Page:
Well, I’ve waded through the primordial slime of Wings – which turned out not to be so primordial – and arrived at my second post!
Director: Harry Beaumont
Producer: Irving Thalberg
Written by: Norman Houston and James Gleason, from a story by Edmund Goulding
Songs: Nacio Herb Brown (music), Arthur Freed (lyrics)
Choreography: George Cunningham
Starring: Bessie Love, Anita Page, Charles King
The Broadway Melody was the second ever film to win the Oscar for Best Picture for 1928/1929 (eligibility was over a two year period initially), and in one obvious way already represents a leap forward: Talking! Singing! Unlike Wings, it has sound.
On the other hand, The Broadway Melody was the first ever movie musical, so in some ways it feels like the evolutionary clock has been reset to zero.
Hooray for Hollywood! I approach the film with ridiculous amounts of excitement!
I may have recorded some ambivalence ahead of watching Wings, but I approach The Broadway Melody with an enthusiasm bordering on fervour: I love Hollywood musicals! And though I adore many of the lavish technicolor productions of the Forties, Fifties and Sixties, the silvery productions of the Thirties have an elegant brand of magic that’s all their own. I cut my classic movie-loving teeth getting up at 7am in the school holidays to watch Fred and Ginger season on BBC2, and I’ve never quite lost my fascination with the era.
(Why is it that any old movies that are any good get shown at such odd times of day? But channel hop of a rainy Saturday afternoon, and your choice of any black and white movies will be limited to a dreary melodrama – usually with a blandly portentous title such Innocent Lives, or The Lady of the Hall, or From the Mouths of Babes – or a bleached out western, and the western is almost never Destry Rides Again. This is how you end up watching a triple bill of Don’t Tell the Bride followed by Countryfile. If any programmers happen to be reading this, answers in the comments please!).
Not that I’m expecting The Broadway Melody to be as good as Swing Time, Top Hat, or (my personal favourite) The Gay Divorcée. I’m just intrigued to see the first Hollywood musical. I’m definitely anticipating something with an unpolished air of experimentation: my prediction is that the story will be weak and the direction lacking imagination. I’ve never heard of any of the actors and I reckon the acting will be reasonably poor. But I can’t wait to see what the original prototype looks like!
What excites me most, though, is the songs. I have no idea which ones are featured in the film, but I know it was common to recycle songs in stage and film musicals, and I’m convinced there’ll be a few classics in there.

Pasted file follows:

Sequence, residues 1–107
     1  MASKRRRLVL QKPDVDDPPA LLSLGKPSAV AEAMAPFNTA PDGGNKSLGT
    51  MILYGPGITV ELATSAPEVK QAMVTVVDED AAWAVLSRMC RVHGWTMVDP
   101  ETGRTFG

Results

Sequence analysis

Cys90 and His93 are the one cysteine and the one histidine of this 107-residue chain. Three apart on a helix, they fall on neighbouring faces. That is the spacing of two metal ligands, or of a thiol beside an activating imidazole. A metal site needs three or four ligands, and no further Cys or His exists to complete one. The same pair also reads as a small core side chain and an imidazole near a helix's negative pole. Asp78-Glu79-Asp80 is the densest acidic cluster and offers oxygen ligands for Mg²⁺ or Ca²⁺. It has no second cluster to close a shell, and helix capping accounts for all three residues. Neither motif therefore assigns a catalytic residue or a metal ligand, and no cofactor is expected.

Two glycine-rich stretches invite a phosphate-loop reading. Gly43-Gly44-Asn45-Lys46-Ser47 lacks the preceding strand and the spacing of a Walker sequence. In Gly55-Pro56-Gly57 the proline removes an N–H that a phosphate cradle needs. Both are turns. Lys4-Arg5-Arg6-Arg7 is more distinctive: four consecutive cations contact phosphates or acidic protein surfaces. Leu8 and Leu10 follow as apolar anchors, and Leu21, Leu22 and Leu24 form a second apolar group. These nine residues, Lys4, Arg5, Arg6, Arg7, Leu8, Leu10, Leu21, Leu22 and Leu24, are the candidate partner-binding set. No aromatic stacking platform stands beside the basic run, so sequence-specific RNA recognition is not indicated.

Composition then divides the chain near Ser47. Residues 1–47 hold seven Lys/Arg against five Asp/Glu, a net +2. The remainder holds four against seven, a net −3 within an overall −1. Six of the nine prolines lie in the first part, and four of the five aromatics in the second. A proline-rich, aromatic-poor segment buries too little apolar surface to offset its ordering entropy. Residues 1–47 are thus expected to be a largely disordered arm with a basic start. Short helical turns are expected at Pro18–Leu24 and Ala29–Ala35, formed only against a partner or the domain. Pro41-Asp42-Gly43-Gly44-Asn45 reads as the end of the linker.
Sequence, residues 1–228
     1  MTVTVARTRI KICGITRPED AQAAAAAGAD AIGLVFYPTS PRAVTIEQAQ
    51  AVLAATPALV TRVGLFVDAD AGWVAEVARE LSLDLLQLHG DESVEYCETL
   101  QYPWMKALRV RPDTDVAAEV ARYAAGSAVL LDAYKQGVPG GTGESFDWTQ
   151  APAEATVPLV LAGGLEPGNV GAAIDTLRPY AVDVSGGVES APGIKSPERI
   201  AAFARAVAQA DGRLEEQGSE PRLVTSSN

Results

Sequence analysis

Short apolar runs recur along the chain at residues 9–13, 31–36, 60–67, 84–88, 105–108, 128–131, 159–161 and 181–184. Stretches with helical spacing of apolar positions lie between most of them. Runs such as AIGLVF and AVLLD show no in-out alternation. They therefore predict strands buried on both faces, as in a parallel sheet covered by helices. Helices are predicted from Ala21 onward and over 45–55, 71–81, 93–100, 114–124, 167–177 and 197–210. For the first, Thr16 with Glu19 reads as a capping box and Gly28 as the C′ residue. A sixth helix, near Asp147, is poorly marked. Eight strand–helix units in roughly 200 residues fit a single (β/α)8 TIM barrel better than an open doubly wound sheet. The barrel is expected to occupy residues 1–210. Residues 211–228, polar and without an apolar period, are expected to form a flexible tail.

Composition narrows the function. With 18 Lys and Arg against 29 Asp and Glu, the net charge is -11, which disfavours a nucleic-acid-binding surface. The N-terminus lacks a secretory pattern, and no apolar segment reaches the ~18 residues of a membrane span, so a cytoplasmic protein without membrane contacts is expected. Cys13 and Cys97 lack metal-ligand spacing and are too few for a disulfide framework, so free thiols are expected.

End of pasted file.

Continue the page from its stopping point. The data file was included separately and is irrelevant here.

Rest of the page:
I watch the film – and am taken by surprise…
Well, for the second time in a row my expectations were confounded. Only this time, everything that I thought would be fabulous, is bad; and everything that I thought would be dreadful is not so bad after all.
From dogfights to catfights
The Swiss cheese of a plot is as simplistic as I expected, but a brutal dose of reality runs through it of the kind not generally associated with Hollywood musicals. Like Wings, it features a love triangle storyline, but unlike Wings there is no fourth character to set up an obvious resolution. The theatrical setting cannot have the same weight as the First World War, but it does provide scope for a wider range of characters, particularly female ones. If Wings is “man’s film” (according to Clara Bow), rounded female characters are given centre stage in The Broadway Melody. There are no airborne battles, but the lead women must fight for their places in the show and in their lives.
As anticipated, there is no getting away from the lack of direction – both artistically and technically – and poor cinematography. However, many a movie musical that is weak of plot and clunky of camerawork has been redeemed with a corker of a soundtrack. Unfortunately, The Broadway Melody is not one of them.
The songs are neither meaningful enough to move the story on, nor catchy enough to be enjoyed for their own sake. I found myself wishing it had been filmed as a straight drama rather than a musical, because the songs distract from other aspects of the film which are worth watching for. At its worst, The Broadway Melody is a hacky and amateurish backstage musical with forgettable songs; At its best, it is a bittersweet and compelling portrayal of sisterly love, set against a surprisingly dark – and at times disturbing – theatrical backdrop.
The two Mahoney sisters arrive in New York with the hope of turning their vaudeville ‘sister act’ into something big and seeing their name in lights. Hank (played by Love) is the feisty and protective older girl, and Queenie (Page) her younger, more cautious sibling.